Azure Sphere and the Seven Properties

The Azure Sphere platform aims to provide high-value security at a low cost, so that price-sensitive, microcontroller-powered devices can safely and reliably connect to the IoT. As network-connected toys, appliances, and other consumer devices become commonplace, security is of utmost importance. Not only must the device hardware itself be secured, its software and its cloud connections must also be secured. A security lapse anywhere in the operating environment threatens the entire product and, potentially, anything or anyone nearby.

Based on Microsoft’s decades of experience with internet security, the Azure Sphere team has identified seven properties of highly secured devices. The Azure Sphere platform is designed around these seven properties:

Hardware-based root of trust. A hardware-based root of trust ensures that the device and its identity cannot be separated, thus preventing device forgery or spoofing. Every Azure Sphere MCU is identified by an unforgeable cryptographic key that is generated and protected by the Microsoft-designed Pluton security subsystem hardware. This ensures a tamper-resistant, secured hardware root of trust from factory to end user.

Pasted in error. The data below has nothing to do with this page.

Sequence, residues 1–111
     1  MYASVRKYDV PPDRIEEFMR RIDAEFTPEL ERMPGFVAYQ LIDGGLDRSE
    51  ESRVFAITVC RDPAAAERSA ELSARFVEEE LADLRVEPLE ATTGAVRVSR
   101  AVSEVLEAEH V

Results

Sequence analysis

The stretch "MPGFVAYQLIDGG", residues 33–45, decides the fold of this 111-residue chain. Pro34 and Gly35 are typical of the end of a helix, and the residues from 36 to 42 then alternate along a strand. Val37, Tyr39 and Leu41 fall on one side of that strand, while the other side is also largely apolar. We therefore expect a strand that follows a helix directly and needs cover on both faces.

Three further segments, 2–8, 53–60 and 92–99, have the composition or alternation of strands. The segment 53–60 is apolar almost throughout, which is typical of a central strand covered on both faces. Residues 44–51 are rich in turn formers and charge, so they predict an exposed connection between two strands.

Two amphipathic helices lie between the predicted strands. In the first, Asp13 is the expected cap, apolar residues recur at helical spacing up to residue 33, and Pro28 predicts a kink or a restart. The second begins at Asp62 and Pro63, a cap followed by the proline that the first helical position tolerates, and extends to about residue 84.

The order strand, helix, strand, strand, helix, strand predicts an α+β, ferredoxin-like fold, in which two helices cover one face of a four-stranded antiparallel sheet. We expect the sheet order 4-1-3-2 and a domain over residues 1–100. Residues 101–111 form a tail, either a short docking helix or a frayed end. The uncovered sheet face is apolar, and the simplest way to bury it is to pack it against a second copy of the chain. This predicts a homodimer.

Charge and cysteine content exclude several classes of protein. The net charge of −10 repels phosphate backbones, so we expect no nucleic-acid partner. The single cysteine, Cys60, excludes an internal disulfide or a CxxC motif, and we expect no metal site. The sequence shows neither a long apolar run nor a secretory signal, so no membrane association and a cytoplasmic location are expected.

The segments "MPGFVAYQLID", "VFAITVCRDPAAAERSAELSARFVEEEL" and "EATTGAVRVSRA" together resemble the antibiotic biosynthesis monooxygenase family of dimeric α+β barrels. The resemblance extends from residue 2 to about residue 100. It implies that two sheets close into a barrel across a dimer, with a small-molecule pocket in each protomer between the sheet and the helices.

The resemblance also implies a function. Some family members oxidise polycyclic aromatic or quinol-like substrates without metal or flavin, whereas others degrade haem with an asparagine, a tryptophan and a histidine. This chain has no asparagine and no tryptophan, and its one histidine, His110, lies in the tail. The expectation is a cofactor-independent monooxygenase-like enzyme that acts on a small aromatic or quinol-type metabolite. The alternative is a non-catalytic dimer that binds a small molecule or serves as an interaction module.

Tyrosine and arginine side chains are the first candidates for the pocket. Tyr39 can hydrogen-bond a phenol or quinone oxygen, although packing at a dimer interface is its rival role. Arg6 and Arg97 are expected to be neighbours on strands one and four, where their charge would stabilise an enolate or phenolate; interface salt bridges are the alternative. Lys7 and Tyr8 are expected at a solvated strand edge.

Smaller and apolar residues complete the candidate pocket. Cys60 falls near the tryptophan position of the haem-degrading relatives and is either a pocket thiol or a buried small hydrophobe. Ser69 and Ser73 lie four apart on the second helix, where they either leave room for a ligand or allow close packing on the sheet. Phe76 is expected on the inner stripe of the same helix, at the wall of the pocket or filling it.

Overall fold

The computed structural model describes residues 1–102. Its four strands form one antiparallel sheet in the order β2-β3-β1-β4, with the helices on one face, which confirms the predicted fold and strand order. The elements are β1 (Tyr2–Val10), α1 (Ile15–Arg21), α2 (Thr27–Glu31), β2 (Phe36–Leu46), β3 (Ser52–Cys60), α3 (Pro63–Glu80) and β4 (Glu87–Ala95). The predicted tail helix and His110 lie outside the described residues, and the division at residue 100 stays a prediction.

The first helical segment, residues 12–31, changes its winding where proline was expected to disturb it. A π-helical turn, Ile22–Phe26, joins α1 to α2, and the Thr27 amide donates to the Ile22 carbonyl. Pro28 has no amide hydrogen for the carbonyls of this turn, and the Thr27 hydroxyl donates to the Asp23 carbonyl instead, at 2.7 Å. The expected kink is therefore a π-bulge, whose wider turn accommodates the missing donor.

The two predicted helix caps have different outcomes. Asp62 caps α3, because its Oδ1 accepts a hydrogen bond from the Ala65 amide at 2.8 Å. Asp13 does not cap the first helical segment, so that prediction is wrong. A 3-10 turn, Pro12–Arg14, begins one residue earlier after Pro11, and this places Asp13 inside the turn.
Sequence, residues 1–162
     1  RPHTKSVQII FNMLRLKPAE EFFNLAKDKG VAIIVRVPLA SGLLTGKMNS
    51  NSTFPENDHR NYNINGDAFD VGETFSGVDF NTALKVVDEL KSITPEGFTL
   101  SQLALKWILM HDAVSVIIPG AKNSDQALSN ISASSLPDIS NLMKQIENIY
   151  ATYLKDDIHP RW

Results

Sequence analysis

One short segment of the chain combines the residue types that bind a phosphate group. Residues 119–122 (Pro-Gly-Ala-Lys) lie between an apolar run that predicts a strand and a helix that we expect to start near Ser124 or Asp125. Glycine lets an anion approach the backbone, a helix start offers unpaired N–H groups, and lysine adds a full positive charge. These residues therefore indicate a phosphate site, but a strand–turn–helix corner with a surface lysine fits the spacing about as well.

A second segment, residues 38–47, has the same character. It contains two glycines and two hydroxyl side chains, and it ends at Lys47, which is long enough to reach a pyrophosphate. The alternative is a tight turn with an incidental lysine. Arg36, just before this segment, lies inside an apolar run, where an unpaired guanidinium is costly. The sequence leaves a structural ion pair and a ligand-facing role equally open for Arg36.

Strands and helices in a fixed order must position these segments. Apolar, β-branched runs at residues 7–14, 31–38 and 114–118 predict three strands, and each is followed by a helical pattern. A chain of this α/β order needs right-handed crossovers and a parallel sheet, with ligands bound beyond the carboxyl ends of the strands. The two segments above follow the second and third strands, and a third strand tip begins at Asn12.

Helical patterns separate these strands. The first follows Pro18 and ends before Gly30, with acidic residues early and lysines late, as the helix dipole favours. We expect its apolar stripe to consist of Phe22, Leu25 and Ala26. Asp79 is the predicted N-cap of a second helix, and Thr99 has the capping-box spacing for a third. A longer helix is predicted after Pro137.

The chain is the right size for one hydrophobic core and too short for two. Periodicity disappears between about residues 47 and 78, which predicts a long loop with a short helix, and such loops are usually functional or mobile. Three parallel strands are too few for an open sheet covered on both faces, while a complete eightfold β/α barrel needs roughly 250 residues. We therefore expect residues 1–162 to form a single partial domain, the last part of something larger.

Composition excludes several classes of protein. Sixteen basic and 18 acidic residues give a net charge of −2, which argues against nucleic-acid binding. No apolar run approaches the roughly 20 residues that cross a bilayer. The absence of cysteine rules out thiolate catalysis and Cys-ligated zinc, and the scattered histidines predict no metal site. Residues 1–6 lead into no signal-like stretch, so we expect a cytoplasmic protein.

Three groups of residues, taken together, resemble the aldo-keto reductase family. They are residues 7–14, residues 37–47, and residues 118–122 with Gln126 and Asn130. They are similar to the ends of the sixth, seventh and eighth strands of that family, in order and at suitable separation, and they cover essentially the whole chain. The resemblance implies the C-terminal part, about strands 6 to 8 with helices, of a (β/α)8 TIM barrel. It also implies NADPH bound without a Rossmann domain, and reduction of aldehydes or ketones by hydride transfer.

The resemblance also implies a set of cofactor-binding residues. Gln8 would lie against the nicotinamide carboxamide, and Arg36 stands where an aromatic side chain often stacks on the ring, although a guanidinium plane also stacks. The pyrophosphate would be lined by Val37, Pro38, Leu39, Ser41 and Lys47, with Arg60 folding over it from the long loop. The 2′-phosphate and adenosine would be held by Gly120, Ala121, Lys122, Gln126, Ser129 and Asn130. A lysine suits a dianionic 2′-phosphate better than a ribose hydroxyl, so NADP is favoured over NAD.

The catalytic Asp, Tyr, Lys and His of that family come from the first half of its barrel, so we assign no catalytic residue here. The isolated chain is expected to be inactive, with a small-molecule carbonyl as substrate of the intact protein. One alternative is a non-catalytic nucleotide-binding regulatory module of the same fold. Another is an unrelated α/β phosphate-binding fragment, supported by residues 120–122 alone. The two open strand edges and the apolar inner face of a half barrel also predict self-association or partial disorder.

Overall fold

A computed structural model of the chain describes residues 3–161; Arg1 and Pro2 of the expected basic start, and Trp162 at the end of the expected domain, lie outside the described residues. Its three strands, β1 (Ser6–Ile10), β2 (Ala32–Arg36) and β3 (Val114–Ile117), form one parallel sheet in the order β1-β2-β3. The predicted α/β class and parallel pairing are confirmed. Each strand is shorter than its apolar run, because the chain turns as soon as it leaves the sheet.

Small trusted computing base. Most of the device’s software remains outside the trusted computing base, thus reducing the surface area for attacks. Only the secured Security Monitor, Pluton runtime, and Pluton subsystem—all of which Microsoft provides—run on the trusted computing base.

Defense in depth. Defense in depth provides for multiple layers of security and thus multiple mitigations against each threat. Each layer of software in the Azure Sphere platform verifies that the layer above it is secured.

Compartmentalization. Compartmentalization limits the reach of any single failure. Azure Sphere MCUs contain silicon counter-measures, including hardware firewalls, to prevent a security breach in one component from propagating to other components. A constrained, “sandboxed” runtime environment prevents applications from corrupting secured code or data.

Certificate-based authentication. The use of signed certificates, validated by an unforgeable cryptographic key, provides much stronger authentication than passwords. The Azure Sphere platform requires every software element to be signed. Device-to-cloud and cloud-to-device communications require further certificate-based authentication.

Renewable security. The device software is automatically updated to correct known vulnerabilities or security breaches, requiring no intervention from the product manufacturer or the end user. The Azure Sphere Security Service updates Azure Sphere OS and OEM applications automatically.

Failure reporting. Failures in device software or hardware are typical in emerging security attacks; device failure by itself constitutes a denial-of-service attack. Device-to-cloud communication provides early warning of potential failures. Azure Sphere devices can automatically report operational data and failures to a cloud-based analysis system, and updates and servicing can be performed remotely.